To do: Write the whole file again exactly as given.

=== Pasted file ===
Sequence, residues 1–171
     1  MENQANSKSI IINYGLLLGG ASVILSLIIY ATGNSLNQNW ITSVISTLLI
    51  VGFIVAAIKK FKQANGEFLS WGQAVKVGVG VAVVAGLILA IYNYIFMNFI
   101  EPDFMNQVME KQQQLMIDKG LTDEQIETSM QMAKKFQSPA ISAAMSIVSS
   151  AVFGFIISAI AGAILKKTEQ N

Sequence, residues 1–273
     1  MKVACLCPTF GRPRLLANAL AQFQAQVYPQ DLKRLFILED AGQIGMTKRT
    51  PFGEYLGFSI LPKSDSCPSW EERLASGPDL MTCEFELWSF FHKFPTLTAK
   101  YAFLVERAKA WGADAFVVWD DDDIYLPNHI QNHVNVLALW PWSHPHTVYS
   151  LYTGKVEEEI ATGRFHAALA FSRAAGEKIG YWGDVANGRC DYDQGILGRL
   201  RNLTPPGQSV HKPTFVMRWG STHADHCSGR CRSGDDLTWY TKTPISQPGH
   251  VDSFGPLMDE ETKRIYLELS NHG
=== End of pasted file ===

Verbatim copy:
Sequence, residues 1–171
     1  MENQANSKSI IINYGLLLGG ASVILSLIIY ATGNSLNQNW ITSVISTLLI
    51  VGFIVAAIKK FKQANGEFLS WGQAVKVGVG VAVVAGLILA IYNYIFMNFI
   101  EPDFMNQVME KQQQLMIDKG LTDEQIETSM QMAKKFQSPA ISAAMSIVSS
   151  AVFGFIISAI AGAILKKTEQ N

Sequence, residues 1–273
     1  MKVACLCPTF GRPRLLANAL AQFQAQVYPQ DLKRLFILED AGQIGMTKRT
    51  PFGEYLGFSI LPKSDSCPSW EERLASGPDL MTCEFELWSF FHKFPTLTAK
   101  YAFLVERAKA WGADAFVVWD DDDIYLPNHI QNHVNVLALW PWSHPHTVYS
   151  LYTGKVEEEI ATGRFHAALA FSRAAGEKIG YWGDVANGRC DYDQGILGRL
   201  RNLTPPGQSV HKPTFVMRWG STHADHCSGR CRSGDDLTWY TKTPISQPGH
   251  VDSFGPLMDE ETKRIYLELS NHG